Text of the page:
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The holidays can be stressful during the best of times, but layer on the responsibilities of caring for a loved with Alzheimer’s or another form of dementia and your holiday season can be quickly overwhelming.   Don’t lose the magic of the holiday season, but take some steps to plan for yourself and the loved one who you are caring for.   You can find joy this holiday season by adapting and celebrating together.

  1. You can say no. You simply cannot do it all. Give yourself permission to limit how you will spend your time this holiday season.   Let someone else host and enjoy their hospitality. Bake fewer cookies, simplify your decorations, and buy few gifts. If you focus on what is most important, you will enjoy those activities much more.
  2. Inform out of town visitors. Your loved one’s behavior may be changing.   Inform your visitors, who have not seen them recently, what to expect. Let them know that they may no longer recognize them. Setting these expectations before they arrive can relieve the stress and anticipation for you and them.
  3. Choose the time of day that is best. Many people who suffer from Alzheimer’s become more uncomfortable and agitated in the evening due to sundowning.  Suggest that family meals be done in the morning, brunch, or lunch.   Who knows, you might create a new tradition?
  4. Let your loved one help with preparations. Let them help you wrapping presents, decorating the house, setting the table, or making a simple dish. Break these into manageable smaller tasks that you do together to limit frustration. Sharing these activities together can evoke memories of the past.
  5. Ask for help. The holidays are about family and friends.   Allow them to help you. Set up a buddy system at parties, so someone else can help you look after them. Have potluck meals, so the burden of all the shopping and cooking does not fall on you. Delegate shopping or meals prep to others who offer to help.
  6. Creative gift giving. For the stressed caregiver, a certificate for housecleaning during the holidays would be appreciated or a certificate for respite care so they can enjoy a break. For the loved one with dementia, think about soft and warm items like robes, slippers, soft clothing, shawls, and blankets, especially for those suffering from poor circulation.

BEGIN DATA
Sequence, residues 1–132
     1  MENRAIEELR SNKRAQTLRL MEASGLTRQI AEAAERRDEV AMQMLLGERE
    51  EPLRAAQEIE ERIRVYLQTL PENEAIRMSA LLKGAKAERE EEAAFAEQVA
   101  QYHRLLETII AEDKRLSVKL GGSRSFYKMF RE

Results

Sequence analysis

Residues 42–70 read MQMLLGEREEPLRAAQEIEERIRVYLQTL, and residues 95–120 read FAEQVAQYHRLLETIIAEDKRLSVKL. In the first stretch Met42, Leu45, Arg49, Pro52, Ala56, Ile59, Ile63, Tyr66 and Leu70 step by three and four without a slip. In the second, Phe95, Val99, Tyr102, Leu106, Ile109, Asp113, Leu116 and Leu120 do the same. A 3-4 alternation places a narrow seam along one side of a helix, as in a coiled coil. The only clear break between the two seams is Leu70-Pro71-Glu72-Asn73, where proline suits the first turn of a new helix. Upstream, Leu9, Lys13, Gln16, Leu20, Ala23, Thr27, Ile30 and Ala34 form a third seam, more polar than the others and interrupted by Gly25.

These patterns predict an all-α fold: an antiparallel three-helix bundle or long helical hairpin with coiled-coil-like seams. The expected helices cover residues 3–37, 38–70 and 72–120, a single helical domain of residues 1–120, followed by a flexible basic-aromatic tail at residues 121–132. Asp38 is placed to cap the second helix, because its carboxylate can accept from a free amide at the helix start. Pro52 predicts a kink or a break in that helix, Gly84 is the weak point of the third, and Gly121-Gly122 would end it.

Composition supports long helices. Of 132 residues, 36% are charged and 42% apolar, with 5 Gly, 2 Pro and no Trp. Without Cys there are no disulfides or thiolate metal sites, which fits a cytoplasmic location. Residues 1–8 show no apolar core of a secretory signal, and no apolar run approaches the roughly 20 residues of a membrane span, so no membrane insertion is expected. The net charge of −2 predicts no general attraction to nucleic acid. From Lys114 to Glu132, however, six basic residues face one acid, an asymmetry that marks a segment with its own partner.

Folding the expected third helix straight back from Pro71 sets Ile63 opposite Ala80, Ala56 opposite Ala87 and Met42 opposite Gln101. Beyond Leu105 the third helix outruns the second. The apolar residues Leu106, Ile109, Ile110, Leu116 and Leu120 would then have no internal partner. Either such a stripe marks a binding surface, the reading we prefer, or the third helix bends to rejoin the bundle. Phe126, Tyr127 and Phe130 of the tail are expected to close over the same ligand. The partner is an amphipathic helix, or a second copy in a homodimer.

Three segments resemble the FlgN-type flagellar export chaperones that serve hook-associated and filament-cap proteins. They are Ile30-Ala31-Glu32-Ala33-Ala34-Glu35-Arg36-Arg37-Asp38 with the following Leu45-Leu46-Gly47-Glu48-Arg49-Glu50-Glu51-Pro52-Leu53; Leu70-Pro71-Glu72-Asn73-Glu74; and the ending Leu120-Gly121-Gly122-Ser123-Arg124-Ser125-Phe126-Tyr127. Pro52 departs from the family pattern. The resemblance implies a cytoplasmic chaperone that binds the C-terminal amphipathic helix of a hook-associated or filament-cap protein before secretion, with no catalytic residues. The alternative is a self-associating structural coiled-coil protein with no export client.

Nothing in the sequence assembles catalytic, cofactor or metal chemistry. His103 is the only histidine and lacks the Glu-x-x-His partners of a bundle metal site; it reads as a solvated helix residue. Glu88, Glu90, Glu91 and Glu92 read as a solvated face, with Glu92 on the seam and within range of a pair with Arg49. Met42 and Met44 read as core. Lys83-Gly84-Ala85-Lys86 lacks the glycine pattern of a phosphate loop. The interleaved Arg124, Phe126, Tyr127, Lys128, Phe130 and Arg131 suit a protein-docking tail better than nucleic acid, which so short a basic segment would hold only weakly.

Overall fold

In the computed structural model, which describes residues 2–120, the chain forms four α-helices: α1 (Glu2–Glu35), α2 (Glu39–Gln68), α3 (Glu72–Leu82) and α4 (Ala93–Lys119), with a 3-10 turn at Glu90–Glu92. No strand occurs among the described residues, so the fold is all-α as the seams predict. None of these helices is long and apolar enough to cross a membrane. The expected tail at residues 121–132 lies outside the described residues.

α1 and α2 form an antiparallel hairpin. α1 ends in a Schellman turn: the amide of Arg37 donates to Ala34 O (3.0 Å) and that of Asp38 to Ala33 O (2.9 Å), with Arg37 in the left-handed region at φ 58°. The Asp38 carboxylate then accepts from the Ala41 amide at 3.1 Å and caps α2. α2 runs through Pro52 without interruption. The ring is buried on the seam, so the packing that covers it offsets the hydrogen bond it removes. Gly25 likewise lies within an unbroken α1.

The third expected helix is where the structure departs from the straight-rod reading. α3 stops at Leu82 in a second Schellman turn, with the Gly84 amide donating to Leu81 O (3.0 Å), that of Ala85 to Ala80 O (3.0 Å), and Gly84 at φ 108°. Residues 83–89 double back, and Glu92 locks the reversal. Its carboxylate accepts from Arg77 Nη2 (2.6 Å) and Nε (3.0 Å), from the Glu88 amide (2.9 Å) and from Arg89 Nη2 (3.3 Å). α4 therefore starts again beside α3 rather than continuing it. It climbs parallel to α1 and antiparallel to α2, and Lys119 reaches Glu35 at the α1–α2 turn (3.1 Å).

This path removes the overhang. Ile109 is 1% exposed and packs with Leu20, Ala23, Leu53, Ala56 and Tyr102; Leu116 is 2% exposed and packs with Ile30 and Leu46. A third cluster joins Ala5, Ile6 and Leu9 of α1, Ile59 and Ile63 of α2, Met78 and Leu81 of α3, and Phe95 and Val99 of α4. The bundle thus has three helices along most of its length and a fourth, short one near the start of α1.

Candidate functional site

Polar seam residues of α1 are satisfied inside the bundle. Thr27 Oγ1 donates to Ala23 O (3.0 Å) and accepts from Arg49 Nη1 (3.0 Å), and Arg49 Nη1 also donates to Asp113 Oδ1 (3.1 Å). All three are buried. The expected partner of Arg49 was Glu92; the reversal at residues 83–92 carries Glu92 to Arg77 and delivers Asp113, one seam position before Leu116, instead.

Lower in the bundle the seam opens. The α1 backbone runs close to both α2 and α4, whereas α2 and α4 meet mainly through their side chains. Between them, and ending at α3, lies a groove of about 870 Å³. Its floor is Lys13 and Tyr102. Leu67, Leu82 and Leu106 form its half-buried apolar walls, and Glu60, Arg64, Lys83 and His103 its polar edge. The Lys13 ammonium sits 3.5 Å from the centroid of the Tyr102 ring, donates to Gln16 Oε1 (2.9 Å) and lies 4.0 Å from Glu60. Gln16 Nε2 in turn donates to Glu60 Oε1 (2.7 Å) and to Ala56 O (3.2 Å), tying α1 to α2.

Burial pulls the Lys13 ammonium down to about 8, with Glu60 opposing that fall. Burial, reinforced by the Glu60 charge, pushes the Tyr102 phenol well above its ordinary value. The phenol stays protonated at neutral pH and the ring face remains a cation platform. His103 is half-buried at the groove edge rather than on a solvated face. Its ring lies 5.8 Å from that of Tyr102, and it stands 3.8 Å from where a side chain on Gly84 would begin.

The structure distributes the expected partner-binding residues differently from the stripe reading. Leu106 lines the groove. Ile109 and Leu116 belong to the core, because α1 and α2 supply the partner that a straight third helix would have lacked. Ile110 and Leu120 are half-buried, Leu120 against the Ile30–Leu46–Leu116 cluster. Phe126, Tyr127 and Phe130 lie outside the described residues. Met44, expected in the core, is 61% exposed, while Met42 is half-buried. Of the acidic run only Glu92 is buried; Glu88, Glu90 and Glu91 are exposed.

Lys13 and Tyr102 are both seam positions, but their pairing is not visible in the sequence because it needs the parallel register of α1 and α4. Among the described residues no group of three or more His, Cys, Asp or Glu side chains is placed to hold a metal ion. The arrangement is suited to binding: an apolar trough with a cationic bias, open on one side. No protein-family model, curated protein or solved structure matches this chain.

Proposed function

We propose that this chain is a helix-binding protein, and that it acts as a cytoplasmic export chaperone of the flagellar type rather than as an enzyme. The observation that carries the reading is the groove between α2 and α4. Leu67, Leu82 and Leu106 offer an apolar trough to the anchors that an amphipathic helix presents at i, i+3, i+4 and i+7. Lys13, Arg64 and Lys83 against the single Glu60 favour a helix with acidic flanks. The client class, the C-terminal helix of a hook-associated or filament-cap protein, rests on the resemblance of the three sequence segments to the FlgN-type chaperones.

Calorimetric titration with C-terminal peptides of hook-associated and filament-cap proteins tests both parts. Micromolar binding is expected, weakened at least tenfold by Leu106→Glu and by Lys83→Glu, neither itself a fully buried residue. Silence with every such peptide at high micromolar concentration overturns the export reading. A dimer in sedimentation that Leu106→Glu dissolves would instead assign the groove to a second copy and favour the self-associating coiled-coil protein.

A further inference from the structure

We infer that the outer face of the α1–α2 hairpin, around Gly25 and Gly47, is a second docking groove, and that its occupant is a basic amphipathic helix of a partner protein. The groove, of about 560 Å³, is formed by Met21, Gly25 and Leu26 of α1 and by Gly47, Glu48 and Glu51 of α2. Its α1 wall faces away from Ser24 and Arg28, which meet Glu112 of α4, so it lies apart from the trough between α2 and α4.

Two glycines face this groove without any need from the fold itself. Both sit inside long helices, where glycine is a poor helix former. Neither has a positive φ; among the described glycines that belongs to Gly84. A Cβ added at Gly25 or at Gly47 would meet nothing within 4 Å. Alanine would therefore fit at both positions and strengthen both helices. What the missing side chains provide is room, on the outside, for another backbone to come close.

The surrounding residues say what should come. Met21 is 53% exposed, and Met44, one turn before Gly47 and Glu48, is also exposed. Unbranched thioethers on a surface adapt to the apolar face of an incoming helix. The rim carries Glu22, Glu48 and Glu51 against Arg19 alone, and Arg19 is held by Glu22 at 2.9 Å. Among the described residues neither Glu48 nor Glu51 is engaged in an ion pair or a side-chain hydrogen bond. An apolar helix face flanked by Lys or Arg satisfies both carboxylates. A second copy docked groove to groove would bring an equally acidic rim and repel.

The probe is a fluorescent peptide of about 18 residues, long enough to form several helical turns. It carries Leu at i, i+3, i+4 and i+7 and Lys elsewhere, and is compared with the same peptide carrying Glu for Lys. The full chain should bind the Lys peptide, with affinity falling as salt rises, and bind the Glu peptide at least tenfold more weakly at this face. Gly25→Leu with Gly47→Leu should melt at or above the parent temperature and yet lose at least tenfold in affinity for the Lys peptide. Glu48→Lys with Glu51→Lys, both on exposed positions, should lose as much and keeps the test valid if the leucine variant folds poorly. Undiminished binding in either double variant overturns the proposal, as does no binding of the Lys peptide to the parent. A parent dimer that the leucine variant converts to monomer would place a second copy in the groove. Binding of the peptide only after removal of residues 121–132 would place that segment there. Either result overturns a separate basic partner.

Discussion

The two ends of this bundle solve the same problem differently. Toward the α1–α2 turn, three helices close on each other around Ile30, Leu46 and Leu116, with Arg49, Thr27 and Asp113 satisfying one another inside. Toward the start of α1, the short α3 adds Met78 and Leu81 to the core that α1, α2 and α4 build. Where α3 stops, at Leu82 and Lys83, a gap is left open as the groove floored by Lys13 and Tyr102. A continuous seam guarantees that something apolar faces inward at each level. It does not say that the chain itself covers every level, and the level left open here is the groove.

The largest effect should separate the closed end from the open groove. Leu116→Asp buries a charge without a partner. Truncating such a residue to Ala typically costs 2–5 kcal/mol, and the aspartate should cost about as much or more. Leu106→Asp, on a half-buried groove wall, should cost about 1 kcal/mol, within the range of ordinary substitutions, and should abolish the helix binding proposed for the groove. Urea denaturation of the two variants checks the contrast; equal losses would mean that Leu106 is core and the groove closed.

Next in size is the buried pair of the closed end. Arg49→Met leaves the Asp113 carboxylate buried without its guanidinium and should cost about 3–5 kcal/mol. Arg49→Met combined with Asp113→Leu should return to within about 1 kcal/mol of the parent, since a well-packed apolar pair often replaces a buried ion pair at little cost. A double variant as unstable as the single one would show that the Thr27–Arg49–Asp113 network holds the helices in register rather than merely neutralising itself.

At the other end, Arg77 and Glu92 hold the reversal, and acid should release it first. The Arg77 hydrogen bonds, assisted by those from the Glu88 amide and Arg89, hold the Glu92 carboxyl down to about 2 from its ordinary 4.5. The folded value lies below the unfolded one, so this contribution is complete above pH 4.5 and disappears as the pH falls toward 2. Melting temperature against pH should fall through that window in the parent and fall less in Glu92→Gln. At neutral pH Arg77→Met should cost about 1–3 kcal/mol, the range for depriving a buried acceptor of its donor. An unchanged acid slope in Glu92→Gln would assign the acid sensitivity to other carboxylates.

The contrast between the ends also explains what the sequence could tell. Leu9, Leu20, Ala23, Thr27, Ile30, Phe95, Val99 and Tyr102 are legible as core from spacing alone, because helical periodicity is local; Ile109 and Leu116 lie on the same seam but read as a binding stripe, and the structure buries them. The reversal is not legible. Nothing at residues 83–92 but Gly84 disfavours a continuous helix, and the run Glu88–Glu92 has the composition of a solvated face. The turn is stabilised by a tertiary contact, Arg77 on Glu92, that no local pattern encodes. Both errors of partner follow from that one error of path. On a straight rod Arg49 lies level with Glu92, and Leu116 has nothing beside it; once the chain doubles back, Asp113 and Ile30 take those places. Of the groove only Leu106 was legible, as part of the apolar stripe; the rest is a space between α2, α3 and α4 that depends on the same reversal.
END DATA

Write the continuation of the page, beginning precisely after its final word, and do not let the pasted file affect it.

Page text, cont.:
7. Set limits. Loved ones with dementia become tired very easily.   Try to keep them to their routine as much as possible. Keep gatherings low key and short, or provide them a place to get away and lie down from the noise and activity.
  8. Enjoy your traditions. A special dish, a favorite holiday song, or lit tree or menorah may be welcome and comforting memories for your loved one.

As the caregiver of someone with Alzheimer’s or another form of dementia, you may have to adapt your holiday plans, but this does not mean that you have to miss the magic of the season.   You may create new traditions or enjoy a simple, more relaxed season. You may find joy in the eyes of your loved one as they remember a past holiday.   You will find gratitude in enjoying another holiday with some you love and care for.

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Sacramento, CA (MPG) - Re-imagining transit service is a top priority for the Sacramento Regional Transit District (SacRT). The SacRT Board of Directors took a major step toward that goal this week by unanimously voting to award a $400,000 contract to Jarrett Walker + Associates (JWA ) to conduct a Route Optimization Study (ROS).